Monthly Archives: April 2020

Unique Vessel Identifiers Added to – the short version


I wrote a very long blog post about our new use of Wikidata identifiers, and how it changes the ShipIndex database. It might be too long for some. Here, I hope to limit my overview of these changes to just four paragraphs (not including this one).

The ShipIndex database has grown a lot over the past decade, and now has over 3.5 million citations in it. For very common ship names, this makes it too hard to find information about a specific ship. How do you find information about the right America, when there are 2,378 different citations to work through?

The solution is unique identifiers – basically a specific identifier for each hull. This also allows us to bring together citations for the same ship as it changes names. To make this work, we’re using identifiers from Wikidata, plus local identifiers when Wikidata doesn’t yet have one. Wikidata makes it easy to use Linked Data, so that we can uniquely identify and share items and concepts: the identifier Q82925, represented at, specifically refers to the author Joseph Conrad, while Q1278752, at, specifically refers to the ship named after Conrad, now at Mystic Seaport Museum. It also refers to the original name of that ship, Georg Stage, but differentiates it from the current ship with that name. Similarly, the identifier Q838125 refers to USS Hornet (CV-8), and Q1141355 refers to USS Hornet (CV-12).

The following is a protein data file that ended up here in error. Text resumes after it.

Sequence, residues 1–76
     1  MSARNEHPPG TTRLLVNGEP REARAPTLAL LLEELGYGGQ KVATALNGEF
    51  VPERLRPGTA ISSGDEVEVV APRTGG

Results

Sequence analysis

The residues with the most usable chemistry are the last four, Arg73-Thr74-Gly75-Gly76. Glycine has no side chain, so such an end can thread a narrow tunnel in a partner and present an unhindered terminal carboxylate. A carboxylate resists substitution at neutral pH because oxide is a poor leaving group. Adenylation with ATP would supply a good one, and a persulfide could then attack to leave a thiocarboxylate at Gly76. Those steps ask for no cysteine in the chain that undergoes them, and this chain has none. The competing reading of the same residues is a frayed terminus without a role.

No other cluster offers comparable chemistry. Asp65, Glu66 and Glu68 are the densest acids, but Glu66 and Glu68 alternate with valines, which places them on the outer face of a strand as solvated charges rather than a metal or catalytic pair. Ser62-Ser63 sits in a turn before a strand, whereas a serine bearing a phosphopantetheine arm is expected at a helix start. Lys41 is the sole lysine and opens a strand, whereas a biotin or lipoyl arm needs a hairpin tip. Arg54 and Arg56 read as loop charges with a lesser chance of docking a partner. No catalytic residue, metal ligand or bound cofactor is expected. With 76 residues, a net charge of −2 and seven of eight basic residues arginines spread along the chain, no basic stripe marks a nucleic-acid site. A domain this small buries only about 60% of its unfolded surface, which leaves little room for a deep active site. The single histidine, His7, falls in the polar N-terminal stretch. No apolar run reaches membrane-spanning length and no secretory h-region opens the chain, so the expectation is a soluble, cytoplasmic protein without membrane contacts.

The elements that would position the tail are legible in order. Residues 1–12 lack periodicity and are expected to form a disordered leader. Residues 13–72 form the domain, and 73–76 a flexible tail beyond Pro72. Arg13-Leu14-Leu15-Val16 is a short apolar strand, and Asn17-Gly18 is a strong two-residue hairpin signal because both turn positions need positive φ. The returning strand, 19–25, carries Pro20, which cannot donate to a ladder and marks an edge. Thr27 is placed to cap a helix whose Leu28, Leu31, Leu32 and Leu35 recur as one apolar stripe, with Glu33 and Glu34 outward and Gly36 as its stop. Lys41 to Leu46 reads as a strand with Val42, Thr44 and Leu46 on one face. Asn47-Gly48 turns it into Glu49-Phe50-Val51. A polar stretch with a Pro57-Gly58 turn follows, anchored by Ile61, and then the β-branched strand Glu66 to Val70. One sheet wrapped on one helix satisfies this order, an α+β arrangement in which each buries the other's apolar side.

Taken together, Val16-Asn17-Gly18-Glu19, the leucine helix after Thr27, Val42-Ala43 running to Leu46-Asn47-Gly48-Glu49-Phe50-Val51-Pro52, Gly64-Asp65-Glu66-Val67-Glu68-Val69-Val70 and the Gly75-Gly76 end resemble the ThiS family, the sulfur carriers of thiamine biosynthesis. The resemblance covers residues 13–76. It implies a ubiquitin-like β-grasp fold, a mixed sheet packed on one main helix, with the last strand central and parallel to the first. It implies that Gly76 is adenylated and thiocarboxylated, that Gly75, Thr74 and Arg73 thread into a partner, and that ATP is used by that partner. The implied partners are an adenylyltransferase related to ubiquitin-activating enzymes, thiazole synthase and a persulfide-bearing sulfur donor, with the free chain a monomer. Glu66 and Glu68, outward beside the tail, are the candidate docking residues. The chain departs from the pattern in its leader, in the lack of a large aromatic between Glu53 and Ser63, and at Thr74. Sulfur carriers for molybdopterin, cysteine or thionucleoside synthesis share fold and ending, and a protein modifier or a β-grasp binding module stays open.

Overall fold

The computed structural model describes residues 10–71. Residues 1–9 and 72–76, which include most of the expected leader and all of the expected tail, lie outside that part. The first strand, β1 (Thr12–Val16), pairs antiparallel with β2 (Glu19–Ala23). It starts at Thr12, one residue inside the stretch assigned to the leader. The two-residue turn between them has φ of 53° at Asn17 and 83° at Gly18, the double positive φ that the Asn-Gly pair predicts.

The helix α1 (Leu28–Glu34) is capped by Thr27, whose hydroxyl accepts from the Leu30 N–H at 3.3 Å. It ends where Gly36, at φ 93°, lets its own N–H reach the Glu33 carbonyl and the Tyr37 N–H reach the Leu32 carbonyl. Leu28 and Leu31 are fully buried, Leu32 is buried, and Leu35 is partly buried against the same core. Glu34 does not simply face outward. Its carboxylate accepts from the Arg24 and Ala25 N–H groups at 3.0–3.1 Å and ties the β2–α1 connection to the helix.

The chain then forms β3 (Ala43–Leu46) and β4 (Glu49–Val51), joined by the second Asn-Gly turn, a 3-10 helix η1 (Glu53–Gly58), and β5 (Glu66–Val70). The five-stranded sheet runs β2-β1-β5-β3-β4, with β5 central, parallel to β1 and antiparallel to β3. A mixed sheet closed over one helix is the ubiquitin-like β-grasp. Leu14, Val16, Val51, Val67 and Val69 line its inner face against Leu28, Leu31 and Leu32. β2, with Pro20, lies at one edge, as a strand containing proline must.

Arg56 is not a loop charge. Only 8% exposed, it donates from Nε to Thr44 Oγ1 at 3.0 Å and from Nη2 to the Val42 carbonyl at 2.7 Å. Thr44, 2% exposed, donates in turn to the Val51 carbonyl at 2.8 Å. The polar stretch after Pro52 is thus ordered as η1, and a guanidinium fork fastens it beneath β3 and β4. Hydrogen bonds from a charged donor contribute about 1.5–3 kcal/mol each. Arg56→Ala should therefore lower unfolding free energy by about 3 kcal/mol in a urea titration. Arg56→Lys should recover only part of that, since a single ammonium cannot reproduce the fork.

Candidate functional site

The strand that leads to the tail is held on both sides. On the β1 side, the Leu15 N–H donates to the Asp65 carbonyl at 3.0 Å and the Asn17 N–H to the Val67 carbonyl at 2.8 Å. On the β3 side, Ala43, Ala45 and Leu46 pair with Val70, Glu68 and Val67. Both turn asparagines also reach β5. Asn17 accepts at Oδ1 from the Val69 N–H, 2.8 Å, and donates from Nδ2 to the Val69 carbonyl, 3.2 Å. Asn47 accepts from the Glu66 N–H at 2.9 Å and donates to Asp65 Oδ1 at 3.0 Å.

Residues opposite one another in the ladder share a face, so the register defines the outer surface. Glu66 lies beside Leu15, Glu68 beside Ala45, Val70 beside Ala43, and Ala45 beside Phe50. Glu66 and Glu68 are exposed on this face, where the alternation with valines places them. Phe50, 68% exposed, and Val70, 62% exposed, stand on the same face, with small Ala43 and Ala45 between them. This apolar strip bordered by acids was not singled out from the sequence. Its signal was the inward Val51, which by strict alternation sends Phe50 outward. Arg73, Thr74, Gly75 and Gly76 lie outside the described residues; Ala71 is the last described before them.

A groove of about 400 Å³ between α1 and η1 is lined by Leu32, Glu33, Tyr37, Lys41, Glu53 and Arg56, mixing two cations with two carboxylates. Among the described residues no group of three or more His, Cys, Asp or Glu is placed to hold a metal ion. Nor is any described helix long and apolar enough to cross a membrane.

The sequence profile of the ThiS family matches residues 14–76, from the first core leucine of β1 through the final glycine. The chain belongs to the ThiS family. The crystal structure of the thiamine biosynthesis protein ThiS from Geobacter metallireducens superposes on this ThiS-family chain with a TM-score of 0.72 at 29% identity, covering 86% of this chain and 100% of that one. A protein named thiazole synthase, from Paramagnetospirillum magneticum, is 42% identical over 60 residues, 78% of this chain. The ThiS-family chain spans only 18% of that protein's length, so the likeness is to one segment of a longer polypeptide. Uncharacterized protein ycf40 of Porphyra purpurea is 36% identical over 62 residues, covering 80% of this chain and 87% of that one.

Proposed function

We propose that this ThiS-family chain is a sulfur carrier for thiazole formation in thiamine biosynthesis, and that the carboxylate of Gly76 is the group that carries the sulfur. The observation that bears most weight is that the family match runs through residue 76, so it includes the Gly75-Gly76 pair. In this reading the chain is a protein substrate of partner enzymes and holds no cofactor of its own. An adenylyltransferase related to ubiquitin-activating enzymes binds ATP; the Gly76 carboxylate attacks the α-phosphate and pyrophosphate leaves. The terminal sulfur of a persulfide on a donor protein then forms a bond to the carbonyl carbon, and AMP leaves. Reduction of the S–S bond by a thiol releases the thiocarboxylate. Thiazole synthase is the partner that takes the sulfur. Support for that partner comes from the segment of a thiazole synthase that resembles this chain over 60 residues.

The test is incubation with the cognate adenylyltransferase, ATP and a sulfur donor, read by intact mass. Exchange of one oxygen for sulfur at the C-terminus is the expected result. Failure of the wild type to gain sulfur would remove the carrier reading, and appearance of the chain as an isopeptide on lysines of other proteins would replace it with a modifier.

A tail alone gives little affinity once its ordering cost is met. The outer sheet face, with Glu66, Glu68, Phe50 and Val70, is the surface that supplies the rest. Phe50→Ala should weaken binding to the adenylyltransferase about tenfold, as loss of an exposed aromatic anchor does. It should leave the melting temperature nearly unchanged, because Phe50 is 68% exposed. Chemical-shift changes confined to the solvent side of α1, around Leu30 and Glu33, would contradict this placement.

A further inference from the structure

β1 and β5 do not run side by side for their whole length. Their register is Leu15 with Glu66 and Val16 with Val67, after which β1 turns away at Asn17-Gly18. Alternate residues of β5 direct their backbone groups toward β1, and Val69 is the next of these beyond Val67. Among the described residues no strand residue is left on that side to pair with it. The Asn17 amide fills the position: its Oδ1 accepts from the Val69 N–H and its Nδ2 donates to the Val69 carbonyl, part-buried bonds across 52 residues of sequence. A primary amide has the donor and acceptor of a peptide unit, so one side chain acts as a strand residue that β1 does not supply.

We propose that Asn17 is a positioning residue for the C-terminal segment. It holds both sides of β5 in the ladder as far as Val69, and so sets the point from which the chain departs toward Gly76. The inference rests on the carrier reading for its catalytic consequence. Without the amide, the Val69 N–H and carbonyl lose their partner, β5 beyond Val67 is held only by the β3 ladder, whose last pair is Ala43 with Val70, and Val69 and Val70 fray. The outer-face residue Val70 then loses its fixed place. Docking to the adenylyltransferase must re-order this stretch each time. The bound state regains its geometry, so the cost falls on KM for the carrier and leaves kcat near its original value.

When you look at the ShipIndex page for Hornet now, you’ll see eleven different ‘cards’, each one referring to a specific hull, or vessel. Click on any of those ship names, and you’ll see only the citations that have been associated with that unique identifier. And note the URL for each card – it includes the Q-identifier, so others can easily link to it as well, without needing to create some new URL. In addition, many citations have not been associated with any card, because we cannot determine to which vessel the citation refers – at least, not without going back to the original source.

In the future, I hope to offer ways for individuals to help grow this resource, and maybe create a way that people can share their own information – images, reminiscences, comments, online links – about specific vessels. Until then, I’ll be working away at associating as many citations as possible to specific vessels. I hope that this improves your experience with ShipIndex, and helps everyone do more and better maritime history research.

For more information about what we’ve done here, check out the much-longer blog post.

All the Gory Details about Adding Unique Vessel Identifiers to

TL;DR: The database can now differentiate between disparate ships of the same name, and combine citations using different names for the same ship. We use Wikidata Q-identifiers to do this, and hope that we can help apply Linked Data to maritime history.